When young Yorkshire farmer Sam Moorhouse, 23, was looking to diversify the family dairy farm, he came across a story about the Icelandic cow and the production of skyr (pronounced skeer). Sam recognised the potential of a product which, while creamy and delicious, also had impressive health credentials.
A super-nutritious staple across Scandinavia and Iceland, skyr has been enjoyed there since the 9th century – first made in Viking times. So Sam set off for Iceland where he learnt the age-old techniques of making skyr traditionally, from skyr master Thorarinn.
Skyr is made by incubating skimmed milk with live active cultures. The water contained in the milk – the whey – is then strained away. At Hesper Farm, Sam uses traditional methods, a heritage Icelandic culture dating back to the year 874 and milk from the farm’s pedigree herd to make the skyr in a new purpose-built onsite dairy.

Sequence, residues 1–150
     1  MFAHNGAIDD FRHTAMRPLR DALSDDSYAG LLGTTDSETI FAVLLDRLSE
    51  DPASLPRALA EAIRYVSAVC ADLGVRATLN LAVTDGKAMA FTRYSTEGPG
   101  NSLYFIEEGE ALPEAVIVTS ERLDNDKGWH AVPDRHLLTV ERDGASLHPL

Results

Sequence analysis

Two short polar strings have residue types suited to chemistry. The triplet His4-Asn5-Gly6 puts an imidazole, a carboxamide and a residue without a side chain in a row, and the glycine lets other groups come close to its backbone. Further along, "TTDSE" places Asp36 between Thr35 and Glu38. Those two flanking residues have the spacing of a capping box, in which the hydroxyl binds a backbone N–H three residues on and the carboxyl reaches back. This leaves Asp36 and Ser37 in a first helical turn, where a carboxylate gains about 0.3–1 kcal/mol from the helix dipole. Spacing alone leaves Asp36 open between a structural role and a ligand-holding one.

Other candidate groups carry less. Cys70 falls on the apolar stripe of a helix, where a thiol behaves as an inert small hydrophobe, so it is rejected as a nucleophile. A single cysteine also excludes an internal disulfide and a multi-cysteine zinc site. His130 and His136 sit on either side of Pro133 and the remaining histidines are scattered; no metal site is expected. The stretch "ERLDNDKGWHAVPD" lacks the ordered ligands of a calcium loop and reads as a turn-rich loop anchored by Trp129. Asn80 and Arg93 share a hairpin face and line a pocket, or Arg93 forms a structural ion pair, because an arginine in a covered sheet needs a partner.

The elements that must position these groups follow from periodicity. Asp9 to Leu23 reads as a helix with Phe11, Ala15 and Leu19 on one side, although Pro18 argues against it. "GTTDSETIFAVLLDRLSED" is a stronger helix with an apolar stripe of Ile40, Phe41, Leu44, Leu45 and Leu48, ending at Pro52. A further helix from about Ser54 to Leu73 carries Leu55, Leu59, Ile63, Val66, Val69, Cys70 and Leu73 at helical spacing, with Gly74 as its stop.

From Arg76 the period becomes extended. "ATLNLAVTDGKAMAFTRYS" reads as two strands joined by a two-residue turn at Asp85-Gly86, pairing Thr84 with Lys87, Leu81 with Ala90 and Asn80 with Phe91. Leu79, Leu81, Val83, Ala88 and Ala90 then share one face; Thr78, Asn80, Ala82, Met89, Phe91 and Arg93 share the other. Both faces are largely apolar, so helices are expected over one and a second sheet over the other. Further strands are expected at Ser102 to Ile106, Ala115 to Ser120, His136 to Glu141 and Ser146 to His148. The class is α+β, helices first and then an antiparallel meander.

Per pot, about four times as much milk is used as an equivalent pot of traditional plain yoghurt, meaning it’s incredibly thick and beautifully creamy. It contains no fat and low sugar but is high in protein and calcium, and nothing artificial is added. On top of all that it also tastes delicious!
Sam’s own cow ‘Baby’ is on the Hesper Farm Skyr logo. She is a renowned character at Hesper Farm – Baby does her own thing, and will not be persuaded otherwise! Sam thought that Baby perfectly encapsulated his ethos of provenance, innovation and going their own way, being the first British farm to make skyr.